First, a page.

Blockchain: considering the risks to consumers and competition

Speech by Mary Starks, Director of Competition, FCA, at Authority for Consumers & Markets Conference Panel, Netherlands.

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Speaker: Mary Starks, Director of Competition
Event: Authority for Consumers & Markets Conference Panel, Netherlands
Delivered: 26 April 2018
Note: this is the speech as drafted and may differ from the delivered version


  • Blockchain technology has numerous useful applications but there are potential risks to consumers and competition  to be considered.
  • Cryptoassets are a well-known application of Blockchain which has demonstrated some risks, and may require further monitoring going forward.
  • Distributed Ledger Technology shows potential promise for improving the financial services market but these benefits need to be balanced against the risks to competition which may emerge.
  • Understanding more about Blockchain is crucial to ensuring we encourage the promise of the technology while remaining mindful of the potential pitfalls.

As you can imagine, blockchain is something that frequently comes up for us a financial markets regulator. And the panel session title ‘Promises and Perils’ sums it up neatly: the potential applications for blockchain technology are far-reaching; but there are risks.

As a financial regulator, my thoughts on blockchain fall roughly into 2 groups. The first group of thoughts is about Bitcoin and other cryptocurrencies – and those are slightly anxious thoughts. The second group is about other applications of distributed ledger technology in financial services – and those thoughts are more optimistic.

Evaluating cryptocurrencies

Let’s start with cryptocurrencies. Also known as cryptoassets – for reasons I’ll come onto in a minute.

Cryptocurrencies first emerged with Bitcoin, beginning in 2009. Since then we have witnessed a huge increase in the number and value of these products. There are now over 1,500 different coins and tokens, currently valued at around $325 billion. How much is $325 billion? Big, but not that big. Some of the world’s largest pension funds are valued at around $1 trillion, for example.

For thousands of years, currencies have been developed (and backed) by sovereign states – and we think of currencies primarily in that context. Not exclusively – I live in south London, where we have the ‘Brixton pound’. But the Brixton pound is not worth $325 billion - the cryptocurrency phenomenon is clearly something new. What does it mean for regulators?

Without getting too deep into the UK financial regulation system, it’s worth briefly touching on the FCA’s remit. The FCA exists to make financial markets work well, and has 3 objectives within that: consumer protection, market integrity and promoting competition. We also support the Bank of England when it comes to financial stability.

The UK Government determines what activities come within our remit. Currently, that remit does not include cryptocurrencies. That said, we do regulate derivative products based on these assets, and we also regulate initial coin offerings (I understand this is the case here in the Netherlands as well).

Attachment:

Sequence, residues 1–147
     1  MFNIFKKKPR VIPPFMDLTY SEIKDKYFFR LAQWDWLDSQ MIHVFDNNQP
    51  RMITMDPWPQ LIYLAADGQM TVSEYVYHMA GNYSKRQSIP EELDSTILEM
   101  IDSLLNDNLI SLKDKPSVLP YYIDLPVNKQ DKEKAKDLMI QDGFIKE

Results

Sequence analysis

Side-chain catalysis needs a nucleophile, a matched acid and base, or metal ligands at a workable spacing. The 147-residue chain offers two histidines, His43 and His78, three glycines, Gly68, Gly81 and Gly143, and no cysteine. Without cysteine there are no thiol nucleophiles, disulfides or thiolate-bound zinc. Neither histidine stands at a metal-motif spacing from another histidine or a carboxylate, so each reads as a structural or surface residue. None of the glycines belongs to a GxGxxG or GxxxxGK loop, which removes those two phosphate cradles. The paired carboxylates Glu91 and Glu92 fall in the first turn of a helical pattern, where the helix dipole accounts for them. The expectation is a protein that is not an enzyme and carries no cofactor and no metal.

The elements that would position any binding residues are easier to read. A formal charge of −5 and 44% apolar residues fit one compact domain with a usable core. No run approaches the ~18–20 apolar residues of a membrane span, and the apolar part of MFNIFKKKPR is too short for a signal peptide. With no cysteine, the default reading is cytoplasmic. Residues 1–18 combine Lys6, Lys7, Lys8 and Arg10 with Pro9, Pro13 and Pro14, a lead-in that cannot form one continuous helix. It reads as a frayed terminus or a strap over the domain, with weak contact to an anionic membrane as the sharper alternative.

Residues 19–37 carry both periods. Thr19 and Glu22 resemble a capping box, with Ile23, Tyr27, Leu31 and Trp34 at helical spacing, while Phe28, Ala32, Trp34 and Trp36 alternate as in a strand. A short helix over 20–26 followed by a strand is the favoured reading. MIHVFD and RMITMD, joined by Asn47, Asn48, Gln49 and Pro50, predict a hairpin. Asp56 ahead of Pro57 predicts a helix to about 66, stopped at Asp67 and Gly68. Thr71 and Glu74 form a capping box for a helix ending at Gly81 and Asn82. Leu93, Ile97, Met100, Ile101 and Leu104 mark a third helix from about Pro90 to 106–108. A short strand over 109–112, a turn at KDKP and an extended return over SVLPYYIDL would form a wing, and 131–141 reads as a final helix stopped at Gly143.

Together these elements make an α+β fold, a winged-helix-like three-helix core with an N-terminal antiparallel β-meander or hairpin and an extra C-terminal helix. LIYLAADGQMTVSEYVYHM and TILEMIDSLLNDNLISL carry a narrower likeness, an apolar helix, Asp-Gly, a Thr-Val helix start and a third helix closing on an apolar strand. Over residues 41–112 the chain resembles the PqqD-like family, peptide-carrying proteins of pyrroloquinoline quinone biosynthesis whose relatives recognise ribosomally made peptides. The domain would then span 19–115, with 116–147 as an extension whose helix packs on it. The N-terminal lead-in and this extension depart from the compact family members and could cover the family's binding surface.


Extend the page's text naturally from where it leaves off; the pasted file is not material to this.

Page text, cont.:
Faced with a thorny public policy question, it can be helpful to go back to basics. If you take any economic textbook definition of money, it will tell you it fulfils 3 core functions:

  • a unit of exchange, (ie to pay someone)
  • a store of value, which you can save
  • a unit of account, which can be used for bookkeeping

In the early days, the primary purpose for many cryptocurrencies was to be a means of payment. Bitcoin’s ‘developer’, Satoshi Nakamoto defined Bitcoin as a ‘peer-to-peer electronic cash system’. And indeed there are pubs across the UK where you can buy a pint of beer with Bitcoin.

More notoriously, one of the early uses for Bitcoin was for purchasing items on the dark web. Various platforms used Bitcoin because of its quasi-anonymous characteristics and faster settlement. These factors can also make cryptocurrencies appealing for money laundering or terrorist finance, which is obviously of concern to us a regulator. That is because such payments can bypass regulated financial institutions like banks, which play an important role in identifying financial crime. However, the fifth anti-money laundering directive will oblige cryptocurrency exchanges and wallet providers to comply with anti-money laundering requirements. 

More positively, we see firms using cryptocurrency for international money remittance, lowering the cost and time of sending money overseas. So there are legitimate and economically significant use cases.

Given our consumer protection objective, we do want to understand who is investing and how much, and we want to guard against people losing more than they can afford to.

All that said, most people now view Bitcoin and other such coins as an asset class rather than a means of payment – hence ‘cryptoassets’. Which is probably both cause and effect of swings in the value. In 2017, the price of Bitcoin appreciated from around 850 euro to over 14,000 euro (that’s 1600%). Why would I use Bitcoin to buy a pint of beer, when tomorrow it could be worth 20% more? Of course since then we have seen prices go the other way, down about 50% in the first quarter of 2018.

So do these price movements reflect rational expectations, or ‘animal spirits’? History offers us many examples of excessive market exuberance, and subsequent crashes – in assets ranging from financial to floral.

Speculation tends to be obvious in hindsight, but hard to call with precision at the time. Financial regulators are not generally in the business of judging when specific assets are overvalued, especially niche assets which (even at $325 billion) do not appear to pose a systemic risk. However, given our consumer protection objective, we do want to understand who is investing and how much, and we want to guard against people losing more than they can afford to. We have issued investor warnings in relation to initial coin offerings, for example. 

There’s an eye-catching statistic about Bitcoin holdings from a Canadian study. While only 7% of Ontarians owned Bitcoin in November 2017, the proportion was nearly 30% for men aged between 18 and 34. This is striking, particularly as this age group tends to hold fewer assets in other classes (such as stocks or bonds) so may be more rather than less financially exposed to cryptoasset volatility than other demographic groups.